Eclipse to darken NW China, a week before Olympics

JIAYUGUAN, China (Reuters) – A full solar eclipse will sweep across the Arctic and Siberia before ending in western China, where it will kick off the month in which Beijing hosts the Olympic Games.

The eclipse was due to begin in Canada at 0804 GMT, track across Greenland and eastern Russia and end around sunset on Friday to the east of Xi’an, China‘s ancient imperial capital.

Eclipses were dangerous omens for ancient Chinese astronomers, but this one comes exactly a week before the torch is lit in Beijing for the opening ceremony of Games designed to restore China’s pride and showcase its achievements.

Planeloads of cheerful foreign eclipse chasers converged on Jiayuguan, in Gansu Province, and in the hot deserts of Xinjiang, to watch the sky go dark and a halo wreathe the hidden sun.

“I’ve come all the way from California for this. It’s going to be my 11th eclipse, I try to see them all,” said Dave Balch, a cancer care advisor wearing an eclipse T-shirt.

Scientists studying the sun’s surface prepared for a brief glimpse of the faint outer corona that is normally obscured by the sun’s brightness.

“Nowadays, the equipment works well enough that we do have time to look up at the eclipse,” said Jay Pasachoff, a professor at Williams College who traveled to Novosibirsk, Russia for his 47th eclipse.

“It’s very dramatic and awe-inspiring when the darkness suddenly comes. That’s why thousands of tourists go to see.”

Hundreds of millions of people won’t have to go any further than their front doors on July 22, 2009, when the next solar eclipse will cross India and northern Bangladesh, then run along the Yangtze River from Chongqing to Shanghai in the most populated path ever.


Chinese hope that the Olympics will usher in a new era where China is once more as modern, wealthy and important as it was more than 10 centuries ago, when imperial astronomers were among the world’s best scientists and camel caravans carried riches along the pass guarded by Jiayuguan.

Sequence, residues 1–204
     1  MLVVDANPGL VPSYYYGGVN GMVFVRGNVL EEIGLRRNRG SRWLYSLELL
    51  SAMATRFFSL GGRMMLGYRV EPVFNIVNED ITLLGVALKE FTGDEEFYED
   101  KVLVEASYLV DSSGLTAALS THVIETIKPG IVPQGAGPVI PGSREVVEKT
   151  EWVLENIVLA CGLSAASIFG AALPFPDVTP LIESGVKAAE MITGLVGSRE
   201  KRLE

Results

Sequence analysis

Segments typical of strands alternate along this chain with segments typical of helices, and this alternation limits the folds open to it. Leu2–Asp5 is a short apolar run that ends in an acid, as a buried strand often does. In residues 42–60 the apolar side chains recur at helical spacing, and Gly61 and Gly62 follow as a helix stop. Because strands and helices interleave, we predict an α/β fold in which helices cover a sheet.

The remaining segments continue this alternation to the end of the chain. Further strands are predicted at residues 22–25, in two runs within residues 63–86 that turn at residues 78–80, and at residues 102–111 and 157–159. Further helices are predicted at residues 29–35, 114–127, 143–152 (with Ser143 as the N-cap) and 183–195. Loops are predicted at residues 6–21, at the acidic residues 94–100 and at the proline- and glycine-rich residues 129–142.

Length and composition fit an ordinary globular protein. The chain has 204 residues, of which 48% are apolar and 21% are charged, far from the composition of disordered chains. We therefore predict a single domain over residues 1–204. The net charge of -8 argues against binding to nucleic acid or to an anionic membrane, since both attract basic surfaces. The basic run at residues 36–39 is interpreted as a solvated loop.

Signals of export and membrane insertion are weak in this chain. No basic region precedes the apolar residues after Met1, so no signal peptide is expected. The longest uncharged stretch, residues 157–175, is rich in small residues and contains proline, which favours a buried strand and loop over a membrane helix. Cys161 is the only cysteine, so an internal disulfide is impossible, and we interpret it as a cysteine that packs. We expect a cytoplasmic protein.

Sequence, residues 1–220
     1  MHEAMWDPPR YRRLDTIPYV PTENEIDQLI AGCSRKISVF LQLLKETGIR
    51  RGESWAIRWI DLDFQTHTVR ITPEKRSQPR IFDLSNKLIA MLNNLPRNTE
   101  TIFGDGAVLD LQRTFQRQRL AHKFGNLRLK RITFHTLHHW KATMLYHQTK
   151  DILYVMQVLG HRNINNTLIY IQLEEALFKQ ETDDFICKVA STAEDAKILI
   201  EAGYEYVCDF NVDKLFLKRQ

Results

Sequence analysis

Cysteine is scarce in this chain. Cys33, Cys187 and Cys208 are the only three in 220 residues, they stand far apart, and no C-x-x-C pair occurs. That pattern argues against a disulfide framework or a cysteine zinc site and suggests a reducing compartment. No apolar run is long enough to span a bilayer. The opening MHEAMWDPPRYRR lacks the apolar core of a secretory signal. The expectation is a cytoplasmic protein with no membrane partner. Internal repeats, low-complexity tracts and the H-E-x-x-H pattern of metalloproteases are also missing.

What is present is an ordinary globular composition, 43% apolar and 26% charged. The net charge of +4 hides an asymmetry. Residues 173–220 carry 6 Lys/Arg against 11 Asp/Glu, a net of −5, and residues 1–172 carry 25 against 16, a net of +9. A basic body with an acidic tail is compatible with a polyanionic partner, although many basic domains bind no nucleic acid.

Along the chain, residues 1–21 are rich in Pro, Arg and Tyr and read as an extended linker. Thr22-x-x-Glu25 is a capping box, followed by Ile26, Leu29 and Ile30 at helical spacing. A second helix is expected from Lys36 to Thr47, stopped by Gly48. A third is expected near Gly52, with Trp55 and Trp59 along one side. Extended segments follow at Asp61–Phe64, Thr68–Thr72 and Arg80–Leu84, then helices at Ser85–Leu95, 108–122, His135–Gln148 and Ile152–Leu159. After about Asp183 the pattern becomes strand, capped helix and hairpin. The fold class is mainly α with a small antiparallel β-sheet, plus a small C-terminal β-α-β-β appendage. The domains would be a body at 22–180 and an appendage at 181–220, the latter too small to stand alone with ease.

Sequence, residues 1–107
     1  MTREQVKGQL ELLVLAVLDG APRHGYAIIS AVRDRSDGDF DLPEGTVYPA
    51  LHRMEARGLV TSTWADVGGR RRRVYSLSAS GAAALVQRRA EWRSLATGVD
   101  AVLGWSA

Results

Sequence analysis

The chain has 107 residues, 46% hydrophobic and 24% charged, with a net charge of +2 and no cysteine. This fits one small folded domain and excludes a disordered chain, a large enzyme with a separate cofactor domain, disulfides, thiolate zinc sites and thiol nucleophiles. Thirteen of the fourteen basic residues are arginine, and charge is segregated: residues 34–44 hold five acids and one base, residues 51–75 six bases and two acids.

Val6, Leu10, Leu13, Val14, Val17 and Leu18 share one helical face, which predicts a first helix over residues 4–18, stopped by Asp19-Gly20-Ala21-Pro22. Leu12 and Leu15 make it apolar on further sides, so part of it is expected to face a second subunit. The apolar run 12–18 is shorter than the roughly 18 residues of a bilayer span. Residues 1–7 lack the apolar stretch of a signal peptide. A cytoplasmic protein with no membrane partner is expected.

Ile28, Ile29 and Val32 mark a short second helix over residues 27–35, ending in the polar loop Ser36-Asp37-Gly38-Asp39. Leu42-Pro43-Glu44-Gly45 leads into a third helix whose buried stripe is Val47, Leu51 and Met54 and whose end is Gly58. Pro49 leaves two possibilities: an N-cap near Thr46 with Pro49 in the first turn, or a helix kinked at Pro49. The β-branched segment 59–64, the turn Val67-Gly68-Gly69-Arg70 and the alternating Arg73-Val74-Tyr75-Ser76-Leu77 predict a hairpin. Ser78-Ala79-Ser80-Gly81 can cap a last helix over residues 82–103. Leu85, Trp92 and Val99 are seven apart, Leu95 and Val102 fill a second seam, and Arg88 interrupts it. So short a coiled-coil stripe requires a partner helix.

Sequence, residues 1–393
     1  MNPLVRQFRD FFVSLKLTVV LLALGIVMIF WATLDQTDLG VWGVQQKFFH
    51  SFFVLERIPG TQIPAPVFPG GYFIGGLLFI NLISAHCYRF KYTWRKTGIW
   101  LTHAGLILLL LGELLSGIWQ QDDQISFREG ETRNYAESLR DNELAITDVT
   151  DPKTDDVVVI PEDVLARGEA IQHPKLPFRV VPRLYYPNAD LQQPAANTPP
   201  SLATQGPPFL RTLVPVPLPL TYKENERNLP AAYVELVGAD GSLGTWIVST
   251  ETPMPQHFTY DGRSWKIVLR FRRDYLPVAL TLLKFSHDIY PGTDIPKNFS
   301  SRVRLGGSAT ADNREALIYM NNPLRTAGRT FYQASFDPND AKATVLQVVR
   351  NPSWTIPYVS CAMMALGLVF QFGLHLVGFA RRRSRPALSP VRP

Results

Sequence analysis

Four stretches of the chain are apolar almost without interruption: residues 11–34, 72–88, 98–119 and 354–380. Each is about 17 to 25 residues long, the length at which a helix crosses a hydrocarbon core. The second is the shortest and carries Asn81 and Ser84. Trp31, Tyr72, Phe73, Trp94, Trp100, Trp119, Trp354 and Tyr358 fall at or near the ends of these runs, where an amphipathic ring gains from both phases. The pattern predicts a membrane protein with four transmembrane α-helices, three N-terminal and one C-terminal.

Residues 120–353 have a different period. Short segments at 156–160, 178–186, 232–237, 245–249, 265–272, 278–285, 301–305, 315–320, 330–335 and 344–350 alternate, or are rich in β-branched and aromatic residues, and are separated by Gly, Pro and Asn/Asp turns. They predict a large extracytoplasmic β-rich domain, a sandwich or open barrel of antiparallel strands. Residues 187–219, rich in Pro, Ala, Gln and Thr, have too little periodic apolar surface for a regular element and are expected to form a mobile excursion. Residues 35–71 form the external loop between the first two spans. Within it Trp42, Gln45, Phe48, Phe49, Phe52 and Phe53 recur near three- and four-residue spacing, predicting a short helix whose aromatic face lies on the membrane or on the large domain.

Chinese astronomers in the state of Lu, present day Shandong, carefully recorded solar eclipses that can be dated as far back as 720 BC. Earlier than that, inscriptions on oracle bones asked what eclipses might portend.

Eclipses were sometimes linked to the subsequent deaths of emperors and empresses, said F. Richard Stephenson, professor emeritus at Durham University in northern England.

Chinese astronomers understood what caused eclipses and could predict them very accurately by AD 300, but superstitious courtiers and peasants still banged drums to scare away the dragon they thought was eating the sun.

People still find their lives can be touched by eclipses, but the modern view is a little more philosophic.

“I was born during an eclipse, and I have always felt that’s made my life more fortunate,” said a driver named Zhou. “But I didn’t turn out to have any special genius, so I can’t say the eclipse left any mark of fate or destiny on me.”



~ by Mike Strife on August 2, 2008.

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